Any episode of bleeding in placenta previa requires a minimum of 48 hours observation in the hospital. If there is vaginal bleeding in the third trimester, your healthcare team will closely monitor both you and your baby’s vital signs. Preparations such as matching your blood type to ensure there is extra blood ready, lab tests to determine your current condition, and starting an intravenous access is done to prepare for emergency delivery and complications. Once you and your baby has been stabilized, they will assess the cause of the vaginal bleeding using an ultrasound and speculum examination. If the baby is less than 36 weeks of gestation, the team will wait and observe your condition. If the baby is less than 34 weeks, betamethasone is given to ensure your baby’s lungs are ready for the outside world should delivery become inevitable. In cases of extreme prematurity and minimal bleeding, tocolytics can be used to delay premature birth. In cases where there is more than one episode of bleeding after 24 weeks, hospitalization may be necessary until delivery as there is a higher risk of placental abruption and demise of the baby. Emergency caesarean delivery is indicated if there is severe bleeding or if the baby is not doing well.
Prognosis Of Placenta Previa
Some of the complications that are associated with placenta previa are:
- Preterm delivery – 16.9% of women deliver their baby less than 34 weeks, 27.5% deliver between weeks 24 to 37.
- Increased likelihood of needing a hysterectomy (surgical removal of the uterus)
- Increased likelihood of needing blood transfusion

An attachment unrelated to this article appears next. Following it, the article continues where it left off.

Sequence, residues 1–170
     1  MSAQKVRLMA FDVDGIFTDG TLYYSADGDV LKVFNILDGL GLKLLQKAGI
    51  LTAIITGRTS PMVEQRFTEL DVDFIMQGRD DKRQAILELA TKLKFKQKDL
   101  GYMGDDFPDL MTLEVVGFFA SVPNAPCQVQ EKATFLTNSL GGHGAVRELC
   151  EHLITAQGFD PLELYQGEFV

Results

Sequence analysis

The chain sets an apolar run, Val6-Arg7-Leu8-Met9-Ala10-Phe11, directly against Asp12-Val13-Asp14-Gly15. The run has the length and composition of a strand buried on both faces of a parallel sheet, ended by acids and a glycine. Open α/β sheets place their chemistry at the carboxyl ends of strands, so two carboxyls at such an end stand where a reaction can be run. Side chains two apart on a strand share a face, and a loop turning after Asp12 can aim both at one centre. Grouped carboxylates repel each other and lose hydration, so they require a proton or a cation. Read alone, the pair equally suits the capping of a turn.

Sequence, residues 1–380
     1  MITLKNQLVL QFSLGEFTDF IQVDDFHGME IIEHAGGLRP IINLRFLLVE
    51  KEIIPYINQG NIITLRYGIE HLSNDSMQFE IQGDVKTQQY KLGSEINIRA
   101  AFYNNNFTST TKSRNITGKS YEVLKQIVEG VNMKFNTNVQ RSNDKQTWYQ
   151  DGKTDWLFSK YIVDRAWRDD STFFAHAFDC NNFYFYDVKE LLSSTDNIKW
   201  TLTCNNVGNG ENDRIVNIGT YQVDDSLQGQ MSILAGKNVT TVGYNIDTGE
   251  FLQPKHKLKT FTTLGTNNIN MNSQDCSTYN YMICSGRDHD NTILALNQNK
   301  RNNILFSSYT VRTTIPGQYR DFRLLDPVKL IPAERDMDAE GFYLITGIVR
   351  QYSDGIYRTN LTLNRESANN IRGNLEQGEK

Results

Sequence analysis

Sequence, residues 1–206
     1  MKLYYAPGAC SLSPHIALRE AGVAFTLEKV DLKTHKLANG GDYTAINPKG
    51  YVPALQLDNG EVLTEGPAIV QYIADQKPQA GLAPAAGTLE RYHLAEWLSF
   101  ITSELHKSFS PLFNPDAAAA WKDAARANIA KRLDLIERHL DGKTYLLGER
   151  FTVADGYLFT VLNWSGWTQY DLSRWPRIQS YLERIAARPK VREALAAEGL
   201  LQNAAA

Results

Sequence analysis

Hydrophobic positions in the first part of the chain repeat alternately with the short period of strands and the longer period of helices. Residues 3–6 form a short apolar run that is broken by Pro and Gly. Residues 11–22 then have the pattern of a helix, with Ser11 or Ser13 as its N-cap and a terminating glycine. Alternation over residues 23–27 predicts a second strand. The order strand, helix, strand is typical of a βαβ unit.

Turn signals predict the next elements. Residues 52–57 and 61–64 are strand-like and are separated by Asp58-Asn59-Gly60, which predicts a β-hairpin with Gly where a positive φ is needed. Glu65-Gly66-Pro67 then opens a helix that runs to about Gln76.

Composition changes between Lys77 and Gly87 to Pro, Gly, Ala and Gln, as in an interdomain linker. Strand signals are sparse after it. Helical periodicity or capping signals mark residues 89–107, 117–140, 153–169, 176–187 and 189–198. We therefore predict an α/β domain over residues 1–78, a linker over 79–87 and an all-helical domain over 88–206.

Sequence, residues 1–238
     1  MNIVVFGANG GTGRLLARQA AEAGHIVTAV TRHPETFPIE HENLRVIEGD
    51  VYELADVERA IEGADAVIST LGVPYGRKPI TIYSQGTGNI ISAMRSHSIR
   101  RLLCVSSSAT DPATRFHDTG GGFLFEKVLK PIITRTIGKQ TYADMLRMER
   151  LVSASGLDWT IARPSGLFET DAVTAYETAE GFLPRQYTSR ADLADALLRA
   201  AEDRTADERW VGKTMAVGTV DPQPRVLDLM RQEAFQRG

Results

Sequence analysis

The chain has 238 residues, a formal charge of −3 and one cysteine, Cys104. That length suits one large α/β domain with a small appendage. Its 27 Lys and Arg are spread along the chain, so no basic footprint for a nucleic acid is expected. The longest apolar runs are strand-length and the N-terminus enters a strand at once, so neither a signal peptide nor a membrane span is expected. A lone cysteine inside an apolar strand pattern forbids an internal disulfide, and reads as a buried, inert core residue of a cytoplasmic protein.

- Placental abruption
- Postpartum endometritis
- Increased mortality rate of mother
- Congenital malformations
- Low birth weight
- Neonatal respiratory distress syndrome
- Admission into neonatal intensive care unit (NICU)
- Higher risk of infant neurodevelopmental delay
- Higher risk of sudden infant death syndrome
- Increased neonatal mortality rate
What Do I Do If I Have Placenta Previa?
If you have placenta previa, you should avoid activity to lower the likelihood of bleeding. You should also avoid pelvic examinations and intercourse. Patients who have had a history of placenta previa has a higher likelihood of having it again in future pregnancies and it is important that you inform your doctor about it. It is also beneficial for you to continue your iron and folic acid supplements just in case you have bleeding as it can help maintain your body’s reserve to replenish the blood. You can also reduce your risk by not using cocaine and not smoking. Lower your risk of placenta previa by only having a caesarean section only if necessary. For more information, you can read these articles on “Bleeding During Pregnancy” and “Vaginal Bleeding”.